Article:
If your pack has outside pockets or a large pocket in the top, use those for water and smaller essentials. Vertical pockets on the side will keep your bottles from leaking. In the main compartment, pack heavier gear near your back with least used items like a first aid kit or tarp at the bottom with food, rain gear and other readily needed items at the top. Your pack should ride high on your hips to help support the weight. Make adjustments if necessary. If your pack has compression straps, cinch them down to confine the contents to a smaller bundle. Keep your pack fairly tight to your back but not too constrictive at your arms or shoulders. When carrying your pack, periodically lift it off your shoulders at the bottom with your hands. It will briefly help relieve the pressure.

Helpful Additions

During a search you can't stop constantly to retrieve needed items out of your pack. A small chest or waist pocket that can hold your notebook, pencil, compass, mirror, whistle and other essentials is very helpful. A radio holster is also convenient since a radio needs to be accessible but is too heavy for your pants and you can't carry it in your hand. You can also get a remote clip-on microphone that will make operation even easier.

Water may be your most important provision, and the state requirement of 2 quarts is probably not enough for 12 hours of walking. Hydrating while on the go is very efficient. A small water bottle holder on your pack or belt works well, or try the new collapsible water bottles with a hose and bite valve. Attach the hose to the top of your pack and you can search and suck! You may find yourself going through your water faster, but you will be more likely to stay well hydrated -- sort of a positive problem. So if you can carry a little more weight, water should be your first consideration. Plan on taking at least 3 quarts, and don't forget purification tablets or a water purifier.(although each requires a water source to filter).

Organizing Your Stuff

You should always have your Essential Seasonal Pack ready to go and clothes you wear ready to put on. In addition, have another medium or large duffel bag that holds everything else. That would include extra food and water, boots or spare shoes, spare clothes and gear. At base camp you'll have time to quickly get your pack ready before a search and that will be easy with everything readily available.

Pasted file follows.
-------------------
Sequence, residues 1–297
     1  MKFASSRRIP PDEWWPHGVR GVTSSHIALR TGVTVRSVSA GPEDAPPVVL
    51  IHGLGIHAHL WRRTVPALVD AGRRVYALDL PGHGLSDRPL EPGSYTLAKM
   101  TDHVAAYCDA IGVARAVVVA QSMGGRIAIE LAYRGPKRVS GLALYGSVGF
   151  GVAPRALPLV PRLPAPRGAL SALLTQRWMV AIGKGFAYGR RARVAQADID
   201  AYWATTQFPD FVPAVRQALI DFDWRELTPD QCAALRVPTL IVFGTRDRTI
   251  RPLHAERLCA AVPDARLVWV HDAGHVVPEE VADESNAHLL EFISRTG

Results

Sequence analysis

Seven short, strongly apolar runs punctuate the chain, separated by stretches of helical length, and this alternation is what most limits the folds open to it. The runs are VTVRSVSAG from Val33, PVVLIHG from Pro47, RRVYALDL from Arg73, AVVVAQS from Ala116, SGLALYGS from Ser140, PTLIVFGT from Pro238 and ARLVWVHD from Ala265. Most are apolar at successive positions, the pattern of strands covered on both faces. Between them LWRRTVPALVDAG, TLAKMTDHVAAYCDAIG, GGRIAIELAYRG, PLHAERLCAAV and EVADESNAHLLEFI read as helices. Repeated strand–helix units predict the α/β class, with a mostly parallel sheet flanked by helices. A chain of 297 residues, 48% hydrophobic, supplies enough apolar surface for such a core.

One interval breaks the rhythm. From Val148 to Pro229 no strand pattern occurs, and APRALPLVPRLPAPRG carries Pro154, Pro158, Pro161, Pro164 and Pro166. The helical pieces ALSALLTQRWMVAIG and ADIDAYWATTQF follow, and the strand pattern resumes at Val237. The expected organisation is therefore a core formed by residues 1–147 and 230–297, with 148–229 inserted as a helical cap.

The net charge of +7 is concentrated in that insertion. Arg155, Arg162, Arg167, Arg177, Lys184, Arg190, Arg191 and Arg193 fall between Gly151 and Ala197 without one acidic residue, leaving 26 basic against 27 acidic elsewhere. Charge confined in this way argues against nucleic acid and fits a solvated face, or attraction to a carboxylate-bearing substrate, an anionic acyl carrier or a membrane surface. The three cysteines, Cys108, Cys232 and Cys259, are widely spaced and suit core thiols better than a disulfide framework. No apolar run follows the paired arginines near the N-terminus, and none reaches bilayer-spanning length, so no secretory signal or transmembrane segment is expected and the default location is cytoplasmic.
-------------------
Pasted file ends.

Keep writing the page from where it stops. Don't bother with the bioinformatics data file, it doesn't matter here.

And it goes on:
Pack and Track Tips

  1. Pack everything possible into ziploc bags. They're waterproof, strong (use freezer bags) and stay together even if stuffed. Gear is visible and easier to find and pack.
  2. Even with ziplocs it won't take long to realize you also need a pack cover for added protection in heavy rain. A garbage bag works but a cover designed for your size pack is quicker and easier.
  3. Always wear something orange and visible during a search. A hat or shirt is the obvious but you could also bring a light, cheap orange hunter's vest to put on over your top. Your ability to be seen is crucial and wearing natural colors is, well, unnatural for us.
  4. When was the last time you replenished your first aid kit? Think about adding any of the following: moleskin, snake bite kit, eye care kit, second skin, razor blades, chapstick, small soap, sanitary napkins (make great absorbent bandages).
  5. If you don't already, think about carrying a small pair of binoculars or even lighter monocular. Weight is always a factor but they could be valuable during a search.
  6. Speaking of carrying too much, take time to go through everything in your pack and toss some items you have never used, or replace with something lighter or smaller. If you want further help in reducing your pack weight check out on the web.
  7. If you wear reading glasses make sure you always carry a pair (or 2). Not being able to read maps or your GPS would be a problem.
  8. If you want or need to take a stove, go for the lighter models with a small gas mix canister. This is the lightest option when you only need a day of use. Check Coleman and Gaz, they both make great models that boil fast.
  9. Decent climbing helmets are not expensive and could save your life. They should always be worn when working around heights. When buying used climbing equipment make sure you know its previous use and inspect it well.